With the regional elections approaching, candidates eager to be elected into regional governor posts are announcing various proposals to encourage voters to cast ballots for them.
Pavol Frešo, incumbent governor of Bratislava Region who is running for the post for the third consecutive time, has come up with the idea of free public transport in Bratislava and Bratislava Region. He was inspired by an example of Tallinn, the capital of Estonia, where such a model has already been introduced.
He believes that this idea is feasible under the condition that all those living in Bratislava and Bratislava Region also have permanent residence there. The subsequent increase in the portion of income taxes for Bratislava and Bratislava Region would be high enough to cover the increased costs of making public transportation free.Read more
Public transportation has been a sore point in Bratislava for years, as it currently lacks money. As a consequence, obsolete vehicles are not being replaced by new ones quickly enough. While trams are considered to be the key mode of public transportation, only one track has been built since the fall of the previous regime in 1989, the one that goes from Šafárikovo Square via the Old Bridge to the beginning of Petržalka.
Experts not as optimistic as Frešo
Transportation experts do not share Frešo’s optimism. Martin Fundárek, from the civic association Better Transport, warns that anything that is free brings some problems, and transport analyst Jozef Drahovský remarked that nothing is free, as always somebody has to pay for it.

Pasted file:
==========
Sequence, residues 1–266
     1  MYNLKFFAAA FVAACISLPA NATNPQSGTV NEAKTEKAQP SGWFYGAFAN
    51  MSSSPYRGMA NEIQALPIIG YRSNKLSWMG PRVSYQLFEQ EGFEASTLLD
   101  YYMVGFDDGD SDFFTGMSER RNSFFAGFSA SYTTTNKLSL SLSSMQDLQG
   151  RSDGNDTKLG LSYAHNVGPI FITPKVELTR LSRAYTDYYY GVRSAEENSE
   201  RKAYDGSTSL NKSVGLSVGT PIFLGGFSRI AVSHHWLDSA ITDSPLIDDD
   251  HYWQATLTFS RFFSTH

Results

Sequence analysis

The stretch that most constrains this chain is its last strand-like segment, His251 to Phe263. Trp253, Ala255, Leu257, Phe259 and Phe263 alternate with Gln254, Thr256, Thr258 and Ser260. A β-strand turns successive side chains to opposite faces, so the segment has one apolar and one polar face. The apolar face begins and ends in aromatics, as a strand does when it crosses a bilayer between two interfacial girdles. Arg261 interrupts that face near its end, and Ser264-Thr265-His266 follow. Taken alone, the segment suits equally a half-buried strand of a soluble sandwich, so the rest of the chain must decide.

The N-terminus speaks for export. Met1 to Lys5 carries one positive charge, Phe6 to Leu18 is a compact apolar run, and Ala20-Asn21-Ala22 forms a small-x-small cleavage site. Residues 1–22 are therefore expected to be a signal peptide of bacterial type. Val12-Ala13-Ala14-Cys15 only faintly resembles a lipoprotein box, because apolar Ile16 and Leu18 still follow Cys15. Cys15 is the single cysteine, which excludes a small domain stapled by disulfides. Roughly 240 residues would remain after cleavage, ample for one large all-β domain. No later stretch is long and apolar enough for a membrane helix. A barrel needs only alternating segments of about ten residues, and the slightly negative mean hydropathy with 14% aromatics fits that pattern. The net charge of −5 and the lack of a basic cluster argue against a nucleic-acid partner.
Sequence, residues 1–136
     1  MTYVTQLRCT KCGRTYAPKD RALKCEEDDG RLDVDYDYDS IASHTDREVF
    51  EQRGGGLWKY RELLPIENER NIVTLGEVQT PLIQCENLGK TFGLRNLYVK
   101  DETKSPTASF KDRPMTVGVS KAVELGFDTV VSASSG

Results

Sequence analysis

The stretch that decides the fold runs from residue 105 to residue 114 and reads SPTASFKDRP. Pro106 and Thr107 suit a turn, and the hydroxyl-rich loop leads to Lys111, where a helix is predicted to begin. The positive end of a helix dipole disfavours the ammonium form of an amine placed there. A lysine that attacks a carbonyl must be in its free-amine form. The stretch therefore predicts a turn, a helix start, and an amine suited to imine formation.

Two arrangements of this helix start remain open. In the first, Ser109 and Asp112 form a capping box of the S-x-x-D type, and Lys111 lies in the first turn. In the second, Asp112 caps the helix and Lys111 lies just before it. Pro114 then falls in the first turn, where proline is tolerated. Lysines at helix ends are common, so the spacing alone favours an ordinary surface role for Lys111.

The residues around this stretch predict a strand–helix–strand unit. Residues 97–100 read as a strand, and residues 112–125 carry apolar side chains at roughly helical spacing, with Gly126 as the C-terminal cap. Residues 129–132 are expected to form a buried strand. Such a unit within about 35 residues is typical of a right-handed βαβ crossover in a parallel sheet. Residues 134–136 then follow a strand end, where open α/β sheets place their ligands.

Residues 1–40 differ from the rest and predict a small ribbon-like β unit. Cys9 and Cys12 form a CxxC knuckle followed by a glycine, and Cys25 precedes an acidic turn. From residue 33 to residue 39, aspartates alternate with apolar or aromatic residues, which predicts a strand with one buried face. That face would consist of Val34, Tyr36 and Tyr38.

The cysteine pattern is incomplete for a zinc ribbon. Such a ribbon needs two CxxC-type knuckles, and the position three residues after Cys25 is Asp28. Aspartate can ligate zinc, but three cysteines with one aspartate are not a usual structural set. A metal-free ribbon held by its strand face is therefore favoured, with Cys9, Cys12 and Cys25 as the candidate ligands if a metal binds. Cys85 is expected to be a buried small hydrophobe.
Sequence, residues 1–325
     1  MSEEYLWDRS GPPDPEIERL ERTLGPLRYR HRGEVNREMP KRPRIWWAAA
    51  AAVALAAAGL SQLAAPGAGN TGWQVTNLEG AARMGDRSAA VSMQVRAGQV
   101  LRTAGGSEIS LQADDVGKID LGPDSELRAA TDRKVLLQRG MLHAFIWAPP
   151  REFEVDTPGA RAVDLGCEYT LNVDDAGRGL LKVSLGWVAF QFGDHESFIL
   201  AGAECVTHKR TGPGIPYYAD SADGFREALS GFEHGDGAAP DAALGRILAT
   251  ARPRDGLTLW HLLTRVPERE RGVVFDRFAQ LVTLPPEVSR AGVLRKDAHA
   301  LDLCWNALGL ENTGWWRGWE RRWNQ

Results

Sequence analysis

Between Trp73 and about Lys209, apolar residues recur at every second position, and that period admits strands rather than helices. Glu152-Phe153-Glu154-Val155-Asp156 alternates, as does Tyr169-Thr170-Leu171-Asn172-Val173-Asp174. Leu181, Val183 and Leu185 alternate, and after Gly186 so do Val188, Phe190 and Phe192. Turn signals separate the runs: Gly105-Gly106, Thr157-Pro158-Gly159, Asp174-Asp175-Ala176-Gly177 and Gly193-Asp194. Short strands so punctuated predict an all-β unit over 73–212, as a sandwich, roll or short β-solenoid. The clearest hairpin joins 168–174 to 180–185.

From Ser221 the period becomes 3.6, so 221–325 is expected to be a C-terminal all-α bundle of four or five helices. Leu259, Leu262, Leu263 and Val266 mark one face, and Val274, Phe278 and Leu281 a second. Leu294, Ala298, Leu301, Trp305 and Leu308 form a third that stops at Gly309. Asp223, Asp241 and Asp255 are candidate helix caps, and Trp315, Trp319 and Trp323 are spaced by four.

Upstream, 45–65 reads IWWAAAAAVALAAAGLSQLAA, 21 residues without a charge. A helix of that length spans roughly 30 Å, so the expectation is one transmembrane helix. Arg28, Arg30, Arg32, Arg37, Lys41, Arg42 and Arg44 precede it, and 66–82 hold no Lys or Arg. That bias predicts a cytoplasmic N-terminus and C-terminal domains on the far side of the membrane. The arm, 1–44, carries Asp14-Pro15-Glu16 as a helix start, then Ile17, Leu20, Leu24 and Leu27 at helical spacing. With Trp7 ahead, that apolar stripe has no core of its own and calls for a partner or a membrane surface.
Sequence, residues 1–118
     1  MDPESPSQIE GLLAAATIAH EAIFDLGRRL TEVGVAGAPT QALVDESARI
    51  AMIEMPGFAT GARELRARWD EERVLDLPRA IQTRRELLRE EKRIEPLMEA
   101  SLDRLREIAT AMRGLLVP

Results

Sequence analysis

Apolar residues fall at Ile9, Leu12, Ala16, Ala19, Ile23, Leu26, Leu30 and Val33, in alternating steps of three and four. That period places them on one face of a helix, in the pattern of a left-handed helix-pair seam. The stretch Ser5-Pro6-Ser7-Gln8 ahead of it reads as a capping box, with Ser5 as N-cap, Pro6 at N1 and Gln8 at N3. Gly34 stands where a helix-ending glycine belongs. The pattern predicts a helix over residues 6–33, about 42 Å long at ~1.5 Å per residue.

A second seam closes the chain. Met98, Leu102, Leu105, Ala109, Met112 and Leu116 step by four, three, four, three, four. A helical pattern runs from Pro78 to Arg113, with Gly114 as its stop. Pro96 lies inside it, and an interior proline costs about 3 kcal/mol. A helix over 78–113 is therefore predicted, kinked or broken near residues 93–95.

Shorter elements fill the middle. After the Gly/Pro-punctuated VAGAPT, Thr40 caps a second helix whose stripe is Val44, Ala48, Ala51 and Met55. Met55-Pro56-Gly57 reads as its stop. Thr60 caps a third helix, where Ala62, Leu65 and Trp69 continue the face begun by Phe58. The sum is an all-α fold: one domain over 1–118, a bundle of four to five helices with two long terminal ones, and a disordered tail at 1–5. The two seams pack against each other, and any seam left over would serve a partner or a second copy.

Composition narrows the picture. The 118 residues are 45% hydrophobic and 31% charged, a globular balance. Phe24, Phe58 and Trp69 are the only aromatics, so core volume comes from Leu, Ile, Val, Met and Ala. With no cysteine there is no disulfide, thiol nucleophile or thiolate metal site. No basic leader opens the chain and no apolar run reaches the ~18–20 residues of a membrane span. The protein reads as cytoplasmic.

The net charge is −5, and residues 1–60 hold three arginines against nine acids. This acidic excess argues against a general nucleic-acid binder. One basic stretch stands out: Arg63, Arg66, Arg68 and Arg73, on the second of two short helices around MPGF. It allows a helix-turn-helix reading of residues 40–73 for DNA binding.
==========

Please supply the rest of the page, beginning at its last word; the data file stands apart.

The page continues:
Fundárek does not doubt that free transport can increase the people's interest in public transport. But if there are not enough spare vehicles and drivers to satisfy the increased interest, making public transport free would only end in overcrowded vehicles pushing another group of citizens to switch to cars, he believes.
Another negative consequence of making public transport free may be that people would start using public transport for short distances that they previously would have made on foot.
Fundárek also does not believe that the increase in the number of citizens of Bratislava with permanent residency would be enough to cover the increased costs, citing an example from abroad.
“Costs for free public transport increased in the 70,000-strong town of Hasselt in Belgium by 250 percent over 10 years,” said Fundárek as cited by the TASR newswire. “In the end, after 16 years, this city cancelled the free transport.”
To make the public transport in Bratislava more attractive, Fundárek proposes a reduction in fares. He pointed out that an annual public transport pass in Bratislava is significantly more expensive than in Prague.
Transport analyst Drahovský believes that Bratislava needs to address parking in the city, in addition to transport and road infrastructure.
“For the time being, Bratislava and its vicinity are experiencing an intensive construction boom, with tens of thousands of new apartments being built,” said Drahovský as cited by TASR, adding that roads and tracks for trams and trolley buses are not built adequately. This may lead to even bigger blocks in transport than is currently seen.
“This is 20 years of neglected planning and construction,” Drahovský said.
10. Aug 2017 at 6:57 | Compiled by Spectator staff